NEW YORK (AdAge.com) -- The Sunday newspaper is supposedly an American institution. As legend goes, we get up on Sunday morning, tousle the hair of our adorable kids/pets/cellmates, pour a strong cup o' joe, then spend the next three hours in a state of knowledge-sponging bliss. If anyone dares to interrupt us, we rudely shunt them aside, so transfixed are we by the glad tidings contained therein: ruminations from whichever movie star has a flick opening the following Friday, heated previews of the Country Music Association Awards and the gang warfare likely to accompany it, etc. To hear newspaper publishers tell it, the world never seems as alive as it does on Sunday morning.
I have no idea how they've managed to sustain this fiction for so long. Nobody I know has one hour to devote to the Sunday paper, much less three. People have lives, you know. And yet the darn things keep getting bigger and heavier, expanding in inverse proportion to the ad dollars coming their way. (A topical analogy! A delicious topical analogy!)
Given where I reside -- the bastion of liberal wonderment that is Manhattan's Upper West Side -- I risked life and limb in compiling material for this exercise, as local statutes prohibit the consumption of any newspaper besides the Times. If you're caught with a copy of the Post or Daily News tucked beneath your arm, there can be dire consequences. You risk being splattered with paint (if apprehended by local hoods clad in their Urban Outfitters finery) or receiving a $250 summons (if John Q. Law catches you first) -- that is, unless you can produce incontrovertible evidence that you subscribe to Atlantic Monthly. This is home. This is mean street.
It had been quite some time since I'd bothered with the Sunday New York Post. After donning Kevlar and a Groucho mustache to purchase a copy, I remembered why: the Sunday edition has always been the one seemingly thrown together on the cheap. Outside of the sports section (and kudos to the paper for resisting the urge to lure Alex Rodriguez with a fleet of beefy strippers during this dead period for N.Y. sports), there's little here of substance.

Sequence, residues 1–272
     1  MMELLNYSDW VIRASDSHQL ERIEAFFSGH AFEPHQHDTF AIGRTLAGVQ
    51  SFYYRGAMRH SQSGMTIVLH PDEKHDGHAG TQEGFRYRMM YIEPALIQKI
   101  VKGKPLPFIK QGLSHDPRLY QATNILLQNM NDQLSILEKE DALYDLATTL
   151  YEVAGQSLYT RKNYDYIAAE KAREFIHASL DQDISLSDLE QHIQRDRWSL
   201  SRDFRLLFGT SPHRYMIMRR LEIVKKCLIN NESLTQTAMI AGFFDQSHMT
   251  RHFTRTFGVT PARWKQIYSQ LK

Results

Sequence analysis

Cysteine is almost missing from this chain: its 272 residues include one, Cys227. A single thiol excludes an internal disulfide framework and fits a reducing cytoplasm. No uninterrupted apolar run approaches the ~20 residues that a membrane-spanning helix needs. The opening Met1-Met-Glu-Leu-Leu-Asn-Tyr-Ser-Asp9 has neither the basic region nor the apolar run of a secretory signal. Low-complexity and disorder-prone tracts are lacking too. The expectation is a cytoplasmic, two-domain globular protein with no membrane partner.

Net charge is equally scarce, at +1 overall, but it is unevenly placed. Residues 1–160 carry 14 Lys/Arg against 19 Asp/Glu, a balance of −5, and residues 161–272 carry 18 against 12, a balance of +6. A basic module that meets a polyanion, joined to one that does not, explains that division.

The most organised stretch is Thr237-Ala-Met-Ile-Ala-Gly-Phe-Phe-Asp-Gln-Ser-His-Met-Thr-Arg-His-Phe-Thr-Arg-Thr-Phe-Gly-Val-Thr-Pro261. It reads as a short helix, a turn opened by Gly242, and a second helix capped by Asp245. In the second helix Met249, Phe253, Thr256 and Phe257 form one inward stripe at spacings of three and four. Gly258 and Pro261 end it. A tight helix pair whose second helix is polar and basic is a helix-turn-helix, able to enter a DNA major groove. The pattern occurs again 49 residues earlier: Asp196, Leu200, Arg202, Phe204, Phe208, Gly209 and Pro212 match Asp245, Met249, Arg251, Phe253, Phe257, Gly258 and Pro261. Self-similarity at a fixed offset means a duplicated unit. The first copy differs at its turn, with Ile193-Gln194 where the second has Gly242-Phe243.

Page Six Magazine was supposed to change that, but a few issues into its evolution I'm still not sure what to make of it. The "magazine" has as much in common with the massively entertaining, agenda-laden column that spawned it as Men's Vogue does with Vogue. I'd argue that the misleading title does the Post's readers a disservice, as anyone looking for the patented Page Six dish won't find anything resembling it here.
Instead, Page Six Magazine serves up the same EZ-reading celebrity/lifestyle tripe usually found at the supermarket checkout counter. In the Nov. 4 issue, horoscopes, book blurbs, style spreads and puzzles (actual clue: "31 across: guitar man Clapton") supplement the handful of gauzy celeb features (sunny-happy visits with Kristin Chenoweth and Gordon Ramsay) and New York-accented trend pieces ("How much do you earn?"). It lacks panache and personality, two things the newspaper column has in spades.
Somebody's done a good job positioning the darn thing to the marketing community, though, as witnessed by the ads for Mercedes-Benz and Jordache (oooh, airbrushed nipples -- edgy!). Once marketers see the product, I suspect they'll back off. There might be an opportunity here for New York-area salons and bistros, but big beauty and fashion brands have little to gain.
As for the Sunday Times, I'm still a fan. The New York Times Magazine and its siblings, T The New York Times Style Magazine and the sporty Play, offer the highest-quality everything: words, pix, thoughts, you name it. The topical diversity remains borderline awe-inspiring: One week they hit you with a piece of the new and quite possibly bonkers conductor of the Los Angeles Philharmonic, the next they're flittering about with Serena Williams. There's not a lot I can add to the discussion, other than to suggest that the weekly ethics ("to flush or not to flush, that is the question") and word-nerd Safire ("torte: a noun AND a pastry") dispatches have outlived their utility.
From an advertising/marketing perspective, however, I wonder if the high-end marketers that populate its pages (Rolex, U.S. Trust, Level Vodka) are getting their money's worth. For one thing, the Times mags have gone free on the web. Also, the most involved readers -- the ones who spend two hours with the crossword puzzle -- likely aren't paying much attention to that "New York Family Fun" ad supplement. There's a lot of prestige associated with a presence in the Times magazines, but I suspect that companies are paying a premium for it.
In the end, my main question about magazine/supplement doohickeys like the Times mags and Page Six Magazine, especially in an advertising/marketing context, is this: Would anybody really give a hoot if they disappeared? Times readers could simply parse the other 18 pounds worth of Sunday material for opinions to claim as their own at cocktail parties, while Page Six Magazine devotees might turn to better-appointed fluff like In Touch Weekly. The deep-thought void would be filled easily enough.